Goldfrapp – Brooklyn Steel – April 27, 2017
For well more than a decade together, Alison Goldfrapp and Will Gregory have crafted a lineage of dance music heavily drenched in synth pop. And their seventh album, Silver Eye, is no exception. “Silver Eye’s tracks have a sincere, blunt-force feeling that’s new and closer to the actual core of their musical identity. It’s like Kiss taking off the makeup, but, you know, good,” cleverly positioned Pitchfork. Goldfrapp followers are aware of a past that floated from disco beats to romantic pastoral hymns, but even more memorable are Goldfrapp’s performances donning a Marlene Dietrich look to dreamy frocks paired with long curly locks. For the group’s second performance at the barely month-old Brooklyn Steel, she graced the stage with an appropriately metallic ensemble.
A pair of tracks from her debut album, Felt Mountain—“Utopia” and “Lovely Head”—had longtime fans in early elation before a survey of the latest album. Her newer pieces were nicely adorned with visuals ranging from the celestial for “Anymore” to ocular rings on “Ocean.” There was a fair amount of warning about strobe lights before going through the doors, and that was for good reason as the singer was backlit the entire evening with pulsating lights to animate her frenetic dancing. Goldfrapp paused the set to exclaim, “I’ve been here a week and love it. I wanna move here.” Yes please! A continuation of newer material rounded out the second half of the set with the robotic “Everything Is Never Enough” and tribal distorted voices on “Become the One.” The warehouse erupted for the recent single “Systemagic” as the sea of bodies pumped to heavy bass and were quickly lulled to a dreamy sway for oldie “Number 1.”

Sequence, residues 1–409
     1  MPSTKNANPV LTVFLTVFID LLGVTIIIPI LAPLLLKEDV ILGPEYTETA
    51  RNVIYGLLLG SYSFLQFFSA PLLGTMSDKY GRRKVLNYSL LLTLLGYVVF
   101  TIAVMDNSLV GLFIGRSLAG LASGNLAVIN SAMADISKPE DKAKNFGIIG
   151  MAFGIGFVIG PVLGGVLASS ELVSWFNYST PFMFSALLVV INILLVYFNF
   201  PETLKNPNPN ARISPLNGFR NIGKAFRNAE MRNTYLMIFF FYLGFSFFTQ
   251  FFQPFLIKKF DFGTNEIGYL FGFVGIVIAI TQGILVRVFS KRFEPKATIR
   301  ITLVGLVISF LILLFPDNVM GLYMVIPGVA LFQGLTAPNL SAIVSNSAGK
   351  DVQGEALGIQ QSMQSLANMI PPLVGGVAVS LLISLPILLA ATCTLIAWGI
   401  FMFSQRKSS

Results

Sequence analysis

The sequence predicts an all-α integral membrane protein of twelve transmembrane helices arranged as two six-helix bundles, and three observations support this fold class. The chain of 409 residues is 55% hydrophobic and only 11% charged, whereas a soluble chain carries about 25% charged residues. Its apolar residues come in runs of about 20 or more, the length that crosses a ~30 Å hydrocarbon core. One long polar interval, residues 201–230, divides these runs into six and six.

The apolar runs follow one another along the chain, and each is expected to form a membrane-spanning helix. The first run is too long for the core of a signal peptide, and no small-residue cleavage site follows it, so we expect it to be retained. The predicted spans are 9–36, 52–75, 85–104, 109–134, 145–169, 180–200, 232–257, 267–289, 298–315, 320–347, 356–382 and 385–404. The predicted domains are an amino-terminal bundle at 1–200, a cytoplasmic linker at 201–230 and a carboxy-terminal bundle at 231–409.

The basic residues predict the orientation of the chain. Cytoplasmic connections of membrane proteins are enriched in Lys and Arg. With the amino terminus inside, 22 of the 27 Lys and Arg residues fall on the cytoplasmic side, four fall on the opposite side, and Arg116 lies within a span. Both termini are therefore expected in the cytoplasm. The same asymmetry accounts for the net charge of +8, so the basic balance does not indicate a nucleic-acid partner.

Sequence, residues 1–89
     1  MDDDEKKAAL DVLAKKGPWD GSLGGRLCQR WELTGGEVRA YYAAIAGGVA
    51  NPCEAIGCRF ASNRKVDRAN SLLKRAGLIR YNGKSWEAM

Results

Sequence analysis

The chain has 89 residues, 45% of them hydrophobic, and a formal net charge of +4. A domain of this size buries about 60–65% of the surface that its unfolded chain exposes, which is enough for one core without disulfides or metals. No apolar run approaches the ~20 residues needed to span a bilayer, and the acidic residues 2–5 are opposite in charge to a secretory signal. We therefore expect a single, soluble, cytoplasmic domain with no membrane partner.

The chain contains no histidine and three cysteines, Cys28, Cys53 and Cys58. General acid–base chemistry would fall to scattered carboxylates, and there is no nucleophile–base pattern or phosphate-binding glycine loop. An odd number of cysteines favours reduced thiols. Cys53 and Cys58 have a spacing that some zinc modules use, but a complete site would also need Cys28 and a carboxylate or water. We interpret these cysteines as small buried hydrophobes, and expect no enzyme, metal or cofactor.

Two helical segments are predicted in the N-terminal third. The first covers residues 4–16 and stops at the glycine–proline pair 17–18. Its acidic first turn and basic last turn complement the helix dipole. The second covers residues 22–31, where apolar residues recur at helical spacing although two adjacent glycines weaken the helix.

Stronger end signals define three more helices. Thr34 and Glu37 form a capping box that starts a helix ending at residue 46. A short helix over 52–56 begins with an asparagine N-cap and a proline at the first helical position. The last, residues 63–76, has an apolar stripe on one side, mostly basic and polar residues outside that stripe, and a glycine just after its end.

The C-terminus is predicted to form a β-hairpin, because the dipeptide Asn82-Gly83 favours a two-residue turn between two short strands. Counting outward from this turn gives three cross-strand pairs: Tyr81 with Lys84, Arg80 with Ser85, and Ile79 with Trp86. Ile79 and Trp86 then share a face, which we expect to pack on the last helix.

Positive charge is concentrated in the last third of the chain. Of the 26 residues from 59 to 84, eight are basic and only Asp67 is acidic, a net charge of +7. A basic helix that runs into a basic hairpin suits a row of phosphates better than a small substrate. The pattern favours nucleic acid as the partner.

Despite a botched wardrobe change due to her current outfit being “stuck on,” the best was saved for last as Goldfrapp returned to encore with a quartet of fan favorites starting with the intoxicating “Black Cherry.” A keytar emerged on “Shiny and Warm,” and iPhone lovers held up their phones high for “Ooh La La,” which was featured in one of the product’s commercials. “Strict Machine,” with its thumping reverb, capped off the night sending a frenzied audience out onto the streets of East Williamsburg. —Sharlene Chiu